Brand equity is the sum of all the hearts and minds of every single person that comes into contact with your company
- Christopher Betzter

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In April 1985 New Coke was introduced in the US
after blind taste tests showed
that American consumers overwhelmingly preferred its taste.
The launch was a disaster
as consumers rejected the new product's taste
once it was presented in Coca-Cola's packaging

[Read More]

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We first learned to satisfy consumers’ needs. Then we realised more was
needed so we strived to delight consumers. Now that too is not enough ...
... consumers need to love the brand.
Saatchi & Saatchi researched “What makes some brands inspirational,
while others struggle?”
They came up with the answer:
Lovemarks: the future beyond brands
[READ MORE]

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Well done if you do.
But have you ever wondered how and why the recycling symbol was created.
It was designed in 1970 by Gary Anderson as an entry into a design competition.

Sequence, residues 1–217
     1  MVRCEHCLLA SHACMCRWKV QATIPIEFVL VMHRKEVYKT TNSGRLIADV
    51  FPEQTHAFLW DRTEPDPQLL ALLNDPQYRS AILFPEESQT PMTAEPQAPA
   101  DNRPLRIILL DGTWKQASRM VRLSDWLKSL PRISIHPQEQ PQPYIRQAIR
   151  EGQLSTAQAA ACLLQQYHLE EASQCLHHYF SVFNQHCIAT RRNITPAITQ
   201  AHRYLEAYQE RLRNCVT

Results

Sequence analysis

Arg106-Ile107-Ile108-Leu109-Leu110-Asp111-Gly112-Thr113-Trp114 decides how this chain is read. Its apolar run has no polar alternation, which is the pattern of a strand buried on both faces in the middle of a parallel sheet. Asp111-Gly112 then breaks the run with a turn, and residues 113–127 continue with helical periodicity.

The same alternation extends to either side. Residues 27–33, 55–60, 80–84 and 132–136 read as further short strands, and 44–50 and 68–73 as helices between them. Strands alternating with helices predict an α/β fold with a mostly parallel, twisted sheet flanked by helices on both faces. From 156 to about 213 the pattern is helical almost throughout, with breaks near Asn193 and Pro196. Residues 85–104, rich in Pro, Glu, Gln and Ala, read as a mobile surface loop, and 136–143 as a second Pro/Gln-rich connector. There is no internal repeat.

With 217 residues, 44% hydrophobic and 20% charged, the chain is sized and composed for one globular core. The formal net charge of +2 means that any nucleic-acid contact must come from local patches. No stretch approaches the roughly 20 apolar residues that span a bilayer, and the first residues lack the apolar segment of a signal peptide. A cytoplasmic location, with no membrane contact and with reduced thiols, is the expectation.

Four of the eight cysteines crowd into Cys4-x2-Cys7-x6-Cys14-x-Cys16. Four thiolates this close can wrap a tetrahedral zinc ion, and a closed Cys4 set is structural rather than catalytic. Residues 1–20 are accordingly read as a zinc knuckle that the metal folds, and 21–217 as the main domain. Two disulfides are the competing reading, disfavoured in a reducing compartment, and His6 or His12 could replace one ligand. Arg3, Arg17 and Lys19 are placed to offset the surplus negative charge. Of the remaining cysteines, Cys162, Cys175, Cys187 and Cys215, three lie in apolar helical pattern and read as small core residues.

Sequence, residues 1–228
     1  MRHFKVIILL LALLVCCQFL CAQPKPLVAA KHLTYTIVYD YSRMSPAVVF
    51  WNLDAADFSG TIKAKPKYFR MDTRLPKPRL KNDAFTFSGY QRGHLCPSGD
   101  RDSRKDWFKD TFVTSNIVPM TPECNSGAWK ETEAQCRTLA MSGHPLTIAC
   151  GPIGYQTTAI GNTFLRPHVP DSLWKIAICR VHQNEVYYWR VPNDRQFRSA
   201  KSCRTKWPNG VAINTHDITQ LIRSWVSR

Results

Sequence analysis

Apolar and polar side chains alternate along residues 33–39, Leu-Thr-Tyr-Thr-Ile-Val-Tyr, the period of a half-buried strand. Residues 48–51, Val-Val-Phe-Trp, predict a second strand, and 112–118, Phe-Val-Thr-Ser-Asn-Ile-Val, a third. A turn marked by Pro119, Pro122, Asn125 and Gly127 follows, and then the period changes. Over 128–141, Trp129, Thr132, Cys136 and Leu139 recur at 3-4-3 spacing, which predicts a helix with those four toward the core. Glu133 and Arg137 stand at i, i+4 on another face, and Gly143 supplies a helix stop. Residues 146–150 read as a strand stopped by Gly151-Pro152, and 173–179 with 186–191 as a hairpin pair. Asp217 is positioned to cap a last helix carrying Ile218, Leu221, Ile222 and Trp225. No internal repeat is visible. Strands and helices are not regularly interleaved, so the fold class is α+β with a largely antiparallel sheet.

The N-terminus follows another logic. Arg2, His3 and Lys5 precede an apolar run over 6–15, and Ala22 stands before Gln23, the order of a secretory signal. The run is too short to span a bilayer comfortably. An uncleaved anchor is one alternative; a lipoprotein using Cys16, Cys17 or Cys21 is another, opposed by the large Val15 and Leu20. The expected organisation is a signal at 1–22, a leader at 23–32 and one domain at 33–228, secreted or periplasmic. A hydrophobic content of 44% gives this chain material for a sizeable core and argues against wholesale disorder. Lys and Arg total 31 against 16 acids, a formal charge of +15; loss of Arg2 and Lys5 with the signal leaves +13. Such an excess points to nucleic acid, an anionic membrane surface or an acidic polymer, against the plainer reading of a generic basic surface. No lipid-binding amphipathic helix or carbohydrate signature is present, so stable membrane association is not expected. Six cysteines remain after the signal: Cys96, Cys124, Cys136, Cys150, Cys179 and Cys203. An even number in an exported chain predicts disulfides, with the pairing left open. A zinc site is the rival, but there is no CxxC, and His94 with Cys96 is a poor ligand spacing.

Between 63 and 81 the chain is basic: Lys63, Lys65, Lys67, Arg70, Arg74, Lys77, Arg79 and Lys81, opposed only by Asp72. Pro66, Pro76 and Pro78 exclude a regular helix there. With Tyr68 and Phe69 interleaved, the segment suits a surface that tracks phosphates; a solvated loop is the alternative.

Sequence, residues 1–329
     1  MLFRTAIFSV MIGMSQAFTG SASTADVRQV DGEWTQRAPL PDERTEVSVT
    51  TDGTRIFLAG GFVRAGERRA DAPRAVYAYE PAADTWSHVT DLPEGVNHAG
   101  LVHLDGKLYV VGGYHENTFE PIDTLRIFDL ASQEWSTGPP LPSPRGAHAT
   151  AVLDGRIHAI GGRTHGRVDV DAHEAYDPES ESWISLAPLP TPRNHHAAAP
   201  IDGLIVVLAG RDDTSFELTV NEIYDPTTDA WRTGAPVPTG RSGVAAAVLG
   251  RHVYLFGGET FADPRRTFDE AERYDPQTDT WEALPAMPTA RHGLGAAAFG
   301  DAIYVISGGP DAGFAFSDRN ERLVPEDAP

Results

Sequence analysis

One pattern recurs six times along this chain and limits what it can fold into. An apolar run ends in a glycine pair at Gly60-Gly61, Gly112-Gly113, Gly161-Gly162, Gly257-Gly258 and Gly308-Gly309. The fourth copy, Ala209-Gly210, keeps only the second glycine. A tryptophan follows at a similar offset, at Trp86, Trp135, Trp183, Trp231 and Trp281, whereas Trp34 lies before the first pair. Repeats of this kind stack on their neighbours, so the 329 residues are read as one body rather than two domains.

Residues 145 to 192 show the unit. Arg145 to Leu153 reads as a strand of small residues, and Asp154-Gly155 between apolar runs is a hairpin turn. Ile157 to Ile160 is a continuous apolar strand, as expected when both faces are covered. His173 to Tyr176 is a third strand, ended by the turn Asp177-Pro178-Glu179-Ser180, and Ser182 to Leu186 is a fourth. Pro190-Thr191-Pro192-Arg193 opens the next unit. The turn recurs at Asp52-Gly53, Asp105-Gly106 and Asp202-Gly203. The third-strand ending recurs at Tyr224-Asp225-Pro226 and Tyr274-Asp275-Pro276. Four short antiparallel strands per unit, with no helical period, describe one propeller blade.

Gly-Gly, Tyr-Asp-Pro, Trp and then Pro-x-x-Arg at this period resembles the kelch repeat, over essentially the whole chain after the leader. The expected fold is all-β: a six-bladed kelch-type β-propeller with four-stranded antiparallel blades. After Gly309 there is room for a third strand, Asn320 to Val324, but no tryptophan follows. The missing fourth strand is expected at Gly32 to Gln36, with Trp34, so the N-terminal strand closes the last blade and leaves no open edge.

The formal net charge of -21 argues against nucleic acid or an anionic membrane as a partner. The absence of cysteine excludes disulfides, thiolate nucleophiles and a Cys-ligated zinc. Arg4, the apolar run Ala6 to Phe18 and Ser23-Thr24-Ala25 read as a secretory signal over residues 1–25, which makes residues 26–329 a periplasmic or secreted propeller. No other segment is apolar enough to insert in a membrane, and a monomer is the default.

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If you have ever looked at the bottom of a plastic bottle
you may have noticed the triangle symbol with a number in it.
This symbol is important to plastic recyclers to identify
the type of plastic of the packaging.
[READ MORE]

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Home | Recycle Symbol
Recycle Symbol

recycle-graphic.jpgThe recycling symbol was designed in 1970 by Gary Anderson, a graduate student at the University of Southern California in Los Angeles. He designed the symbol as an entry in a US contest, sponsored by the Container Corporation of America, a paperboard company, for environmentally-concerned high school and college students to create a design that would symbolize the paper recycling process 

23 year Gary Anderson's prize for his winning entry was a $2,500 tuition grant for further study at any college or university in the world.

Mobius_strip.jpgWhen Anderson began designing his three entries for the contest, he drew upon the concept of the Möbius strip as a combination of the finite and the infinite, "a finite object, but its one surface is infinite in a way." He also tried to incorporate the concept of ambiguity, since the symbol is "kind of round, but also kind of angular. It's flat, but it seems to enclose a space ... kind of hexagonal and kind of triangular, and kind of circular ... sort of static and sort of dynamic."

Recycle_original_symbol.jpgIn his original design (left), which the Container Corporation of America modified slightly to make it appear more stable, the symbol rested on one of its short sides, implying a much more dynamic motion and instability than the versions we see today.

The Container Corporation of America tried to register a trademark on the design, but the application was challenged, and they gave up on the claim. That means anyone may use or modify the recycling symbol, royalty free.